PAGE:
When Missoula City Councilwoman Cynthia Wolken knocked on doors in her ward this year, she heard a disappointing theme among constituents.
"I heard an overwhelming sense of despair about government," Wolken said Wednesday.
People don't believe their voices are heard, especially at the state and federal levels, she said. And they believe campaign dollars are distorting democracy.
"A lot of people feel what they say doesn't matter because somebody with more money will come along and drown out their voices," she said at a Committee of the Whole meeting.
At one time, Wolken, who represents Ward 2, said she could have convinced them otherwise. But not since the U.S. Supreme Court issued its ruling in Citizens United.
That's a judgment that gave corporations the right to pay for political ads based on the First Amendment. Some critics say the 2010 decision is harmful to democracy because it's yet another ruling that gives corporations rights the U.S. Constitution grants to people, such as the right to free speech.
So Wolken, a lawyer, wants the people of Missoula to join the leagues of communities across the country that are calling for an amendment to the U.S. Constitution. She is asking the Missoula City Council to place on the 2011 ballot a referendum to push the Montana Legislature and the U.S. Congress to amend the Constitution and declare "corporations are not human beings and do not have the same rights as human beings."
"The city of Missoula, unfortunately, can't fix this problem, but we can give our constituents a voice at the local level to say how they feel about it," Wolken said.
The Committee of the Whole has adopted a version of Wolken's resolution, and the Missoula City Council will take up the matter Monday at its regular meeting. (In the meantime, a couple of councilors will tweak a clause regarding mass media the committee removed.)
At the meeting Wednesday, though, councilors praised Wolken for bringing the item before them, and state Sen. Carolyn Squires rose up in support of the resolution. She was the only member of the public to comment and called the Supreme Court decision a "folly."
Squires pointed to recent record-breaking campaign contributions in Wisconsin's recall elections, which are headed toward the $40 million mark. The Missoula Democrat said she serves a low- and moderate-income income district, and her constituents can't compete with corporate spending.
"My folks would not have the opportunity to be on an equal footing with corporations," Squires said.
While local governments across the country try to battle campaign finance and "corporate personhood," the issue is playing out in Montana, too. The Montana attorney general is defending an effort to undo campaign finance and disclosure laws. The plaintiff, American Tradition Partnership, aims to influence elections but has refused to report its donors or campaign spending; it charges Montana's definition of a political committee is too broad.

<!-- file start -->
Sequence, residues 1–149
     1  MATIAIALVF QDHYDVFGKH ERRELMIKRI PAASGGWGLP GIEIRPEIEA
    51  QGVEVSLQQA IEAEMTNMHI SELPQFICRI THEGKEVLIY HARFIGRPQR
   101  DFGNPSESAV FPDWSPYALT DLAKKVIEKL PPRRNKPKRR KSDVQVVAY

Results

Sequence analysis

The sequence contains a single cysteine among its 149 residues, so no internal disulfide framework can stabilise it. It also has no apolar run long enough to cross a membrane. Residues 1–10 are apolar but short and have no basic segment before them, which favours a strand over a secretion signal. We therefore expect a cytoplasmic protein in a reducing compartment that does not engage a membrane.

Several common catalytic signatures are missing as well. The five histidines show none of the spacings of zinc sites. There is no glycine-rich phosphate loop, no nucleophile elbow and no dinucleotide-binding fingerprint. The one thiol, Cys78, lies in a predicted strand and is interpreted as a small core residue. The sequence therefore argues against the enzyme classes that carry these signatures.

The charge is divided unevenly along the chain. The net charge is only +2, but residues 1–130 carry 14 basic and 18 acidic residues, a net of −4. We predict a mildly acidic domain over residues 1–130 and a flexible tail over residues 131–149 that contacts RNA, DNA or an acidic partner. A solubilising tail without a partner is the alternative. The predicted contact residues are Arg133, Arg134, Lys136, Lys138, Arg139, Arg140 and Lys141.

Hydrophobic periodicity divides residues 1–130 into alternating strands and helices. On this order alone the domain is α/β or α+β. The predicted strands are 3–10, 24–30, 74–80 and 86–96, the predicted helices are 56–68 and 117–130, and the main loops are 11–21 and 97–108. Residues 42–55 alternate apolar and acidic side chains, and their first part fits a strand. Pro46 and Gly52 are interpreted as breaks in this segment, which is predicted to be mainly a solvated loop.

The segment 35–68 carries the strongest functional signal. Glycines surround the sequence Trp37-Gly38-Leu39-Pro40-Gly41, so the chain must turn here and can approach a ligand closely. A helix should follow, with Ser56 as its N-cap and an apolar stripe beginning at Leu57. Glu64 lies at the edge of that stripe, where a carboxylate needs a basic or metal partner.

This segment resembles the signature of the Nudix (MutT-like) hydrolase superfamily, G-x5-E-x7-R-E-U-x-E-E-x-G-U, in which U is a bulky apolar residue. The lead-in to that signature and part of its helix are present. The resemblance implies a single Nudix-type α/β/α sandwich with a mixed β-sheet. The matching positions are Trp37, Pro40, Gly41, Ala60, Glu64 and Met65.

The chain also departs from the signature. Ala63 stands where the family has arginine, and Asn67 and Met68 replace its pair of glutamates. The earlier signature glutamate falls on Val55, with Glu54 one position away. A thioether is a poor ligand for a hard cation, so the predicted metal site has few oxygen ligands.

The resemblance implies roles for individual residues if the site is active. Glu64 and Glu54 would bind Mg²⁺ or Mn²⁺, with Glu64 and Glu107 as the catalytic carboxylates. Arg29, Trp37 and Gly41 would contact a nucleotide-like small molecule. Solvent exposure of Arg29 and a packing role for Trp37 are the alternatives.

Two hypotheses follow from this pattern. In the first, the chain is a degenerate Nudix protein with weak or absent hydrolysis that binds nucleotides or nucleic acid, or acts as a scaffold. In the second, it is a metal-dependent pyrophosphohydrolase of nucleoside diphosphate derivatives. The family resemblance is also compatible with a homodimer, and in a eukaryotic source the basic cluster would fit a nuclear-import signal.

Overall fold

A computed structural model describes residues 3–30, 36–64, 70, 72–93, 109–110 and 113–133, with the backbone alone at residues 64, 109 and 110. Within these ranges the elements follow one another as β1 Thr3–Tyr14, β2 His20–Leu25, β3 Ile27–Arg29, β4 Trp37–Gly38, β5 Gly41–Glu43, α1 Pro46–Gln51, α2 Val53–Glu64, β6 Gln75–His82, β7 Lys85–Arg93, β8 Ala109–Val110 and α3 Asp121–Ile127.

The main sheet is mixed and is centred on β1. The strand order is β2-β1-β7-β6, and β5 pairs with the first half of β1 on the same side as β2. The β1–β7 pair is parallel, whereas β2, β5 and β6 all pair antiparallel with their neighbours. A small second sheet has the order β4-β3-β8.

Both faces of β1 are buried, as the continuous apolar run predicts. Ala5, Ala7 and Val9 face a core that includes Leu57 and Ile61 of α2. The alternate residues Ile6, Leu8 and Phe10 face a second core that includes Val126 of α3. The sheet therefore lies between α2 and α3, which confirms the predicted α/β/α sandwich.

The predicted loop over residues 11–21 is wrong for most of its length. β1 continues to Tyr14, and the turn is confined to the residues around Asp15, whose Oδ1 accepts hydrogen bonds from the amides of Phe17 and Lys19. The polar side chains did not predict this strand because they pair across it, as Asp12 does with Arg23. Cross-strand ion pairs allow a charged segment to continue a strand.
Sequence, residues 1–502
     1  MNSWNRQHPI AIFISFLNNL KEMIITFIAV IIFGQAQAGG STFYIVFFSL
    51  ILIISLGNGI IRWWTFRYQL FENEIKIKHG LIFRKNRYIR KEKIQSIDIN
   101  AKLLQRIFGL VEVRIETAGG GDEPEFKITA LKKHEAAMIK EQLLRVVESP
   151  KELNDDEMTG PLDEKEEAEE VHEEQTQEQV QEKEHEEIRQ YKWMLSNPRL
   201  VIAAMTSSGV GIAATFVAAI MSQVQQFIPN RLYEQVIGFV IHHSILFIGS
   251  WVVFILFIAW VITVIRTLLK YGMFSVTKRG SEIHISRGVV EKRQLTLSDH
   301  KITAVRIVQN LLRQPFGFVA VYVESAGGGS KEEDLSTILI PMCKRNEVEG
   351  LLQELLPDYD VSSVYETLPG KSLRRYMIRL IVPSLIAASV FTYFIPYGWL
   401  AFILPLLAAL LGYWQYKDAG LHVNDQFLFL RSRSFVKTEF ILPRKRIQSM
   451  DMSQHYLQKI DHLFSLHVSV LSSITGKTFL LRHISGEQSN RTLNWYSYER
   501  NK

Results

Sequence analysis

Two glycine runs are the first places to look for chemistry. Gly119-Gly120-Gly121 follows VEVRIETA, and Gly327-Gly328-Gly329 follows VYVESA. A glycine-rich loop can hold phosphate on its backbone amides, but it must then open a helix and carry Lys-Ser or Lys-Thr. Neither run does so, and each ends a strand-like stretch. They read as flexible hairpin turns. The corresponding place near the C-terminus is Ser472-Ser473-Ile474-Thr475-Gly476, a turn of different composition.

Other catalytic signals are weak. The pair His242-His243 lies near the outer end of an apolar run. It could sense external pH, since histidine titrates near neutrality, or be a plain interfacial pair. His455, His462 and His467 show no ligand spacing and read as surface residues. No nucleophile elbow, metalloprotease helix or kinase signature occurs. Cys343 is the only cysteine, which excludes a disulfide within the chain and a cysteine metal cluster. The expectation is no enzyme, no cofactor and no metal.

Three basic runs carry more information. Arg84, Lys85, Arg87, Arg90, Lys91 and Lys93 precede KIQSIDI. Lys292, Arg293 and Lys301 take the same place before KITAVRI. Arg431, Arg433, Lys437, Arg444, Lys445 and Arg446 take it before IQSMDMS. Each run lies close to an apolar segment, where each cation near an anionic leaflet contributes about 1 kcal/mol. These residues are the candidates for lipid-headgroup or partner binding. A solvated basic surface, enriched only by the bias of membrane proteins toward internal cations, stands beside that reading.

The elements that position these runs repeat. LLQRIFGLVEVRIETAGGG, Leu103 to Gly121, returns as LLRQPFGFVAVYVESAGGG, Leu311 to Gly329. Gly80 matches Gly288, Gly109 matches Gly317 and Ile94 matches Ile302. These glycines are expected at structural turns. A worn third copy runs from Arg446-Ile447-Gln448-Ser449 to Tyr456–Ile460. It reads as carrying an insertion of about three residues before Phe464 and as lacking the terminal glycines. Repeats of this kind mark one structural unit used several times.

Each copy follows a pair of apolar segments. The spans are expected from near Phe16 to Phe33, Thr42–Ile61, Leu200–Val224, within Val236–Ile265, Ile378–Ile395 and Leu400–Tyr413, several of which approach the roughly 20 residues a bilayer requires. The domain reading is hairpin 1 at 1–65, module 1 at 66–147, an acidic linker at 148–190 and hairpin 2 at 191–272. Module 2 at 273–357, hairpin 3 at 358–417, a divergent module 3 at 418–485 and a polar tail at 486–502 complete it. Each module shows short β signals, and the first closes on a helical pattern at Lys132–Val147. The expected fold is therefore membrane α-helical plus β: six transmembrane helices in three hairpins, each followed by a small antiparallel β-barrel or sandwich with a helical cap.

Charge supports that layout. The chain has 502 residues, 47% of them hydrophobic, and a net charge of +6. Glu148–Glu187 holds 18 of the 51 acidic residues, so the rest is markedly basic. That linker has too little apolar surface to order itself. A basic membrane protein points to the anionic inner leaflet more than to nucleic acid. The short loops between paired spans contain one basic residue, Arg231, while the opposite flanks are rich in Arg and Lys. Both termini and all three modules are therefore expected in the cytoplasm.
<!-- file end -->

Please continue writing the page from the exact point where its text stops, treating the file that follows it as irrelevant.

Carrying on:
Councilwoman Wolken, the newest member of the Missoula City Council, joined the body in January after Alderman Roy Houseman resigned to take a job in Washington, D.C.
Councilwoman Stacy Rye described Wolken as "brave" for taking on such a substantive issue, and Councilman Dave Strohmaier said he supports local bodies taking on national matters, even in a way that isn't binding.
"I think it's entirely appropriate for local municipalities, local governments, to weigh in on issues that have an effect upon our citizenry," said Strohmaier, who himself has brought symbolic resolutions to the council. "We've taken positions previously on state and national issues that have local impact."
Some other communities have gone so far as to adopt ordinances that ban "corporate personhood" in their own jurisdictions. Wolken said she considered doing so but decided to remain focused on the broader issue of amending the U.S. Constitution.
The draft ballot statement in the resolution is this: "The citizens of Missoula, Montana, hereby urge the Montana State Legislature and United States Congress to amend the United States Constitution to clearly state that corporations are not human beings and do not have the same rights as citizens."
The resolution describes the reasons for the amendment, among them this one: "The recent Citizens United v. the Federal Election Commission Supreme Court decision that rolled back the legal limits on corporate spending in the electoral process creates an unequal playing field and allows unlimited corporate spending to influence elections, candidate selection, policy decisions and sway votes, and forces elected officials to divert their attention from The Peoples' business ... "
Adopting a constitutional amendment is no small feat: It typically is proposed by a two-thirds vote in both the U.S. Senate and the U.S. House and requires approval by three-fourths of states.
Reporter Keila Szpaller can be reached at @KeilaSzpaller, 523-5262, keila.szpaller [at] missoulian.com or on MissoulaRedTape.com.